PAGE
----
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Sky rookie Sonja Petrovic is starting to feel at home on and off the court. Last weekend she had 12 points against the Atlanta Dream, the defending Eastern Conference champions

At 23, Sonja Petrovic is a rookie in the WNBA, but this 6-foot-1 small forward for Chicago Sky has nine years of experience playing professional basketball in Europe.

Sonja Petrovic of the Chicago Sky tries to drive past Jennifer Lacy of the Tulsa Shock. Although Petrovic is new to the Sky, she has played four years overseas for head coach Pokey Chatman.


When Chicago Sky rookie Sonja Petrovic sunk her teeth into a savory bite of sarma at a recent gathering in the city, she was immediately transported home.

Home is Serbia, where sarma, a dish in which cabbage is rolled around meats or other fillings, is a local favorite.

The more sarma she eats here, the more Petrovic is realizing that her second home could easily be Chicago, which claims the second-largest Serbian population in the world next to her hometown of Belgrade.

Petrovic already has met dozens of Serbian families here, and some have invited her to parties in which she leaves with plates of sarma.

“I’ve met some really nice people,” said Petrovic, whose play in recent weeks suggests that she’s getting more comfortable on the court here as well. “They’ve all been so open and friendly … and the food has been really good.”

Petrovic, a 6-foot-1 sharpshooting small forward who is one of the first players off the bench, has provided some delicious moments for Sky fans, including a 12-point effort in last weekend’s win over the Atlanta Dream. She drained 2 clutch 3-pointers and dished out 4 assists.

“I’m just trying to do whatever I can when I get into the game,” said Petrovic, one of Europe’s most decorated young stars. “One of my biggest strengths is probably my versatility and how I’m able to do a little bit of everything.”

Versatility is a valuable piece to the WNBA puzzle, and why Petrovic has been courted by teams for years.

But it wasn’t just Chicago’s “sarma karma” that landed her in a Sky uniform. It was head coach Pokey Chatman.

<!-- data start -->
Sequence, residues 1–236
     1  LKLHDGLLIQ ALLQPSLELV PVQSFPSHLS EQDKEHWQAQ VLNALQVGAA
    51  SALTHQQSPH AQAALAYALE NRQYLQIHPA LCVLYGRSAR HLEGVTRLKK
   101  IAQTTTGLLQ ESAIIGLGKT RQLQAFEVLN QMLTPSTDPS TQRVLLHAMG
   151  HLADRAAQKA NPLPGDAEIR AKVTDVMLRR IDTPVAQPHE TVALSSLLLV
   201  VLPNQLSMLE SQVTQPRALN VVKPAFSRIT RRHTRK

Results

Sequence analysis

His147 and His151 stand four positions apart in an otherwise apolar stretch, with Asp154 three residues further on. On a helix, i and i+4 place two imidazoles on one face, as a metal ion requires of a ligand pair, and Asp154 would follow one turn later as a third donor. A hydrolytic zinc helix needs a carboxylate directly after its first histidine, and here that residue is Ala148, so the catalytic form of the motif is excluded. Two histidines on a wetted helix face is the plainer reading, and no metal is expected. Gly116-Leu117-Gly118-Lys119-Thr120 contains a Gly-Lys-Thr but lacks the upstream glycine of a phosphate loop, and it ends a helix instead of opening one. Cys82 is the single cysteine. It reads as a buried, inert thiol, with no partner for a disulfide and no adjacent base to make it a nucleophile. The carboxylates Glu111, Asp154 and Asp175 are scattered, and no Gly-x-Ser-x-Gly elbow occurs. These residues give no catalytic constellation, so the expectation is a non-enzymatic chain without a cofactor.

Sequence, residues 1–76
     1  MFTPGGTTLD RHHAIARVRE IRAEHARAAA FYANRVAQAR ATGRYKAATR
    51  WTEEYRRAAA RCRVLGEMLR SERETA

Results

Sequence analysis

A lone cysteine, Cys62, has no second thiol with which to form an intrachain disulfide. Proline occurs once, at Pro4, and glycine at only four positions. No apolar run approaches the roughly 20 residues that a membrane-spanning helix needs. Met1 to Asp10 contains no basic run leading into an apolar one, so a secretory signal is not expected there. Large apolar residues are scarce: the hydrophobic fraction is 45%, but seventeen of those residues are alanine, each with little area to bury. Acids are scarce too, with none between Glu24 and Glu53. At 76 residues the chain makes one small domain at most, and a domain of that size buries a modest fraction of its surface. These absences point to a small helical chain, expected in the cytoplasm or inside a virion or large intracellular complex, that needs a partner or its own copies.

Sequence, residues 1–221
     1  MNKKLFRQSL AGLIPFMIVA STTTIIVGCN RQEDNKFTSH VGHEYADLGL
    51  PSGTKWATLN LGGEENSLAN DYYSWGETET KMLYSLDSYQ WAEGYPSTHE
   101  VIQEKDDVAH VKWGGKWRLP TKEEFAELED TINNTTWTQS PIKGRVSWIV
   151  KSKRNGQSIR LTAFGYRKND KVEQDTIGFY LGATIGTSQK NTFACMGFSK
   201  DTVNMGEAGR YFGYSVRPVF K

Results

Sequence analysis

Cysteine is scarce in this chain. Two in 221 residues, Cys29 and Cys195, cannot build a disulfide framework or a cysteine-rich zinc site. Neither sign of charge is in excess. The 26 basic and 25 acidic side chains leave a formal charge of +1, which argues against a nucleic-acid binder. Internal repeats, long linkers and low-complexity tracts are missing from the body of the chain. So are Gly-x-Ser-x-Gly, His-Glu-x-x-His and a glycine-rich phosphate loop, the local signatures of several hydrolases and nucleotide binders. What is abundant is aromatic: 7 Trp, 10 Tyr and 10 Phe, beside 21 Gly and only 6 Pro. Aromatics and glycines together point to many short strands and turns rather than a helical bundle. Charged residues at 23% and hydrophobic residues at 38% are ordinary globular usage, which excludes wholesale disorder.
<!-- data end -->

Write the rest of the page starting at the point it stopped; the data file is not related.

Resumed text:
In 2009, Petrovic was 20 years old when she was drafted by the San Antonio Silver Stars. Reluctant to leave her family and make her first trip to the United States, Petrovic said no thanks.

“My mom (Nevenka) was a little scared about me going to the United States, and I was, too. The states are so far away, it’s like a different world,” she said. “I knew I wouldn’t know anyone in San Antonio.”

Petrovic got a second chance to play in the WNBA when the Sky traded a 2013 draft pick to the Silver Stars for her rights. Knowing that she’d find a small slice of home in Chicago made the decision to sign with the Sky easier for Petrovic. So did knowing that she could play for Chatman.

After all, Petrovic had already done that before. For four straight seasons. Chatman spends the offseasons coaching in Russia, and in 2009 her successful Spartak club signed Petrovic.

“I really like Pokey as a person, and I like her system. I appreciate her as a coach, and in Europe for women’s basketball she is the top coach by far,” Petrovic said. “Pokey knows my strengths and my weaknesses and she knows how to use me. She is for sure the biggest reason I came here.

“I knew this would be a unique opportunity for me to fit in. I know Pokey so well and I knew that Chicago has a lot of Serbs. When I looked at the situation logically, I just felt that if I wanted to do it (play in the WNBA), now was the time.”

Petrovic had proved herself in Europe, where she was the 2008 Europe Young Player of the Year. Now 23, she is a respected veteran with an astounding nine years of experience there.

Petrovic was just 15 when she turned pro, a move that most of the best young players in Serbia make since high school and college programs aren’t well developed there.

She grew up around the game because her father, Radoslav, had played professionally, coached and officiated. He has been a referee in multiple Olympic Games.

“My sister (Milena) and I both played basketball when we were really young and I loved it,” Petrovic said. “We followed my dad all over the place and then he became our coach and taught us everything he knew. As soon as I could play professionally, that’s what I did.”

At 17, she ventured outside of Serbia for the first time and signed with a pro team in Spain. The next year she played for a team in France before joining Chatman’s team in Russia.

“You watch her play and she’s young and dynamic and so smart,” Chatman said. “The bonus is I get this player who is a rookie here on paper but is one of the best players in Europe with all kinds of experience. I knew that would translate well here.

“The fact that Sonja not only knew me but knew that Chicago is Belgrade’s sister city helped us get her. So many things just fell into place and I’m really glad. I feel really, really lucky.”

Not as lucky as Petrovic does.

Living her dream without feeling a world away from home has been a comfort. It hasn’t always been that way.

“I would be lying if I said everything has always been great for me,” Petrovic said. “When I first started playing professionally away from home, it was hard. I was so young and I was away from my family and I had to think like an adult.

“It can still be hard sometimes even now. But here, it’s nice because I really feel so comfortable around people I feel like I know.”

  • Patricia Babcock McGraw has covered the Sky since its inaugural season in 2006. She is the color analyst for all Sky television games, which are broadcast on Comcast CN100